👉 When using an automatic paint sprayer, this is much more likely because the paint is misted into the area rather than applied directly to the wall.
VOC’s job is to keep the pigment in the paint in place and to tie it to the surface to which it’s applied. As a result, the quality and function of an outdoor coating are dependent on this potentially hazardous aspect.
These VOC fumes are not only harmful for the atmosphere, but they can also be toxic to humans and animals if inhaled. Lightheadedness, headaches, and nausea are all common symptoms of VOC inhalation.
👉 People with weakened immune systems are more vulnerable to VOCs’ adverse effects and may experience respiratory problems as a result. So, if you’re curious if you should use exterior paint inside, take the necessary precautions before doing so. Illnesses can worsen, leading to cancer and other life-threatening illnesses.
To prevent the effects of exterior paint on the inside, take the following precautions.
- Check to see if your room is adequately ventilated.
Lack of ventilation is the number one risk factor when using exterior paints. Do not continue with the project if the area you are working in is sealed or does not have adequate ventilation.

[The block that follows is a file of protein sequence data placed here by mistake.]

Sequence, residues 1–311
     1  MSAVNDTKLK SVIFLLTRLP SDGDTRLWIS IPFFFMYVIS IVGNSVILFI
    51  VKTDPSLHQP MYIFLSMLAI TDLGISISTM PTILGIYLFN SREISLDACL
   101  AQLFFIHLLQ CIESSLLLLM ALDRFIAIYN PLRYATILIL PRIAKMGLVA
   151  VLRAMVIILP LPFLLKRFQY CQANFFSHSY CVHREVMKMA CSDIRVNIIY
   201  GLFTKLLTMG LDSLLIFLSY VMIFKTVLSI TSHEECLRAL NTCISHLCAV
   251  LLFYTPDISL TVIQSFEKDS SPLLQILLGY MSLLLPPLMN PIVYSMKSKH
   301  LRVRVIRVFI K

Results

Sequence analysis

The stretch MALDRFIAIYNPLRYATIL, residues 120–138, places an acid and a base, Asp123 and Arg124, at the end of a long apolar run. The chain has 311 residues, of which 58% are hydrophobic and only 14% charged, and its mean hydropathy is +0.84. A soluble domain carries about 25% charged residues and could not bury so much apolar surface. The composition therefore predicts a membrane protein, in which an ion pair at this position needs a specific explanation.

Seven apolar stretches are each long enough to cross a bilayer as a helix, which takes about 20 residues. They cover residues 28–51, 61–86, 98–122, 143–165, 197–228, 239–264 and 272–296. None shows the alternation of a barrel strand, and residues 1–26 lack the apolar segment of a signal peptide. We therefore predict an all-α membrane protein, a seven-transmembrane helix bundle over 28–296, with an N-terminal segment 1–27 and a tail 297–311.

Painting interior walls with normal emulsions is the same, and it should be done as part of the planning process rather than after the job is finished.
Just use exterior paints indoors if you can adequately ventilate the area with several fans, open windows and doors, and breathing apparatuses.
It’s also worth noting that you should always keep the lid closed because fumes can easily escape and cause more damage. As the paint dries, more fumes are released into the air, so give yourself plenty of time to ventilate the area after the job is completed.
- Choose the appropriate paint type:
Latex that is manufactured with a water-based solution has a lower VOC content. Oil-based coatings, on the other hand, have far higher VOC levels.
Ask an expert at your local store about the best kind for your home and check the specifics online about what you’re thinking of using to find out how high the VOC level is.
Is mixing exterior and interior paint a good idea?
Yes, but it is not advised. One is made of oil, and the other is made of water. Blisters can cause a lot of problems because they don’t dry properly.